The Credibility Consequences of Managers' Decisions to Provide Warnings About Unexpected Earnings
34 Pages Posted: 27 May 2002
Date Written: May 1, 2002
This study provides a theoretical framework and experimental evidence on how managers' disclosure decisions affect their credibility with investors. Further, I examine whether investors' judgments of management credibility are based on different factors in the short- and longer-term. My results show that in the short-term, management disclosure decisions regarding negative news have larger effects on perceived management credibility than disclosure decisions regarding positive news. Specifically, managers who warn investors about unexpected negative news are rewarded with greater credibility increases than managers who warn about unexpected positive news, and managers who fail to warn about unexpected negative news are penalized with greater credibility decreases than managers who fail to warn about unexpected positive news. The results also show that these short-term credibility effects do not persist over time. In the longer-term, managers who report positive earnings news are rated as having higher credibility than managers who report negative earnings news, regardless of their disclosure decisions.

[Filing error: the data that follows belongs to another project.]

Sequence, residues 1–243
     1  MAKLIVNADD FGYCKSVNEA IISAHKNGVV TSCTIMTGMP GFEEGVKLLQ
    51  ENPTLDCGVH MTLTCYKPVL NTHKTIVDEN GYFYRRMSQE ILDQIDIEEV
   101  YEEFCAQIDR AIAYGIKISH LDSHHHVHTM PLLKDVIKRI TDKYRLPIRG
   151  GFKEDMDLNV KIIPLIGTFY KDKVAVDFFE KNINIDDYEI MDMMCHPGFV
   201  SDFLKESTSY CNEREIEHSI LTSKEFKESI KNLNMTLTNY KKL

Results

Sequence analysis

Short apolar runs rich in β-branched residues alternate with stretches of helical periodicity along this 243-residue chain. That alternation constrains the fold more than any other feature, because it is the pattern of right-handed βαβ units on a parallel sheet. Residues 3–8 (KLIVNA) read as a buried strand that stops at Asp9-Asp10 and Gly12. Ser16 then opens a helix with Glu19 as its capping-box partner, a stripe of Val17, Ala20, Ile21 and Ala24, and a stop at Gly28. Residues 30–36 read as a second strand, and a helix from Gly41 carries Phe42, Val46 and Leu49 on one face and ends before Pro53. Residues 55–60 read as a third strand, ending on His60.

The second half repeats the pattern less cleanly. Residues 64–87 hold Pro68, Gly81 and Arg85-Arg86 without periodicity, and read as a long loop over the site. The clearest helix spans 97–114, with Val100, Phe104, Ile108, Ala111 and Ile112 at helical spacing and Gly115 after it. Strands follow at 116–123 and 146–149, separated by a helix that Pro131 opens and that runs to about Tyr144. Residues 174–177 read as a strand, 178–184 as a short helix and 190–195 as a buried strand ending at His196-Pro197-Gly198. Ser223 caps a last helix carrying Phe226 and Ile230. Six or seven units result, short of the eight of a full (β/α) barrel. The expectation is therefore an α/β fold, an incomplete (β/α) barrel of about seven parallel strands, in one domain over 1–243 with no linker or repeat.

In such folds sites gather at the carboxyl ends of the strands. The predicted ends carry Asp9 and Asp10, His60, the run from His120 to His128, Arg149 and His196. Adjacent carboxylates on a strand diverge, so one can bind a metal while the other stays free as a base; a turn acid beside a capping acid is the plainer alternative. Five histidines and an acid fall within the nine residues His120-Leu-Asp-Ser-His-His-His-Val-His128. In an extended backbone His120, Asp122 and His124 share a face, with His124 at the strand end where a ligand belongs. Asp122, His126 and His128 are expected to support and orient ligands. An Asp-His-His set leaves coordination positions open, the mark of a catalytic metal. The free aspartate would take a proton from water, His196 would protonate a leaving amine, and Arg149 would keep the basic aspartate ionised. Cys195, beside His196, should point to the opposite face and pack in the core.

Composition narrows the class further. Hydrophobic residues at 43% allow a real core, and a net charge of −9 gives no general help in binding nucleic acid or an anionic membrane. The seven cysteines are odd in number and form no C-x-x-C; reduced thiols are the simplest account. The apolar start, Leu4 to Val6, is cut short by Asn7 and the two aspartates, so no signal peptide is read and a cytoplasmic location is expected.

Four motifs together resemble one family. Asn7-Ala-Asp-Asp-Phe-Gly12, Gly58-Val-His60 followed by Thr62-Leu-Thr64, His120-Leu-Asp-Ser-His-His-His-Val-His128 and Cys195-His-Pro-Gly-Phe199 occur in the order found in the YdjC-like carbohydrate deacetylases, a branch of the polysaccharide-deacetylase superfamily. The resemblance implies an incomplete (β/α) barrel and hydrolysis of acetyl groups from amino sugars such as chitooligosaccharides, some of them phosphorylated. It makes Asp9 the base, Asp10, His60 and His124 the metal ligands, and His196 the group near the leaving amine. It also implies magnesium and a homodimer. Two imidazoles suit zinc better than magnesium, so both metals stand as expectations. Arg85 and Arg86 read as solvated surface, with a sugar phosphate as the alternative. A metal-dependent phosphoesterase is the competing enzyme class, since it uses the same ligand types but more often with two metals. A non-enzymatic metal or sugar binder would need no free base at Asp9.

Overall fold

Keywords: voluntary disclosure, management credibility, judgment and decision-making
JEL Classification: M41, M45, C91, D83
Suggested Citation: Suggested Citation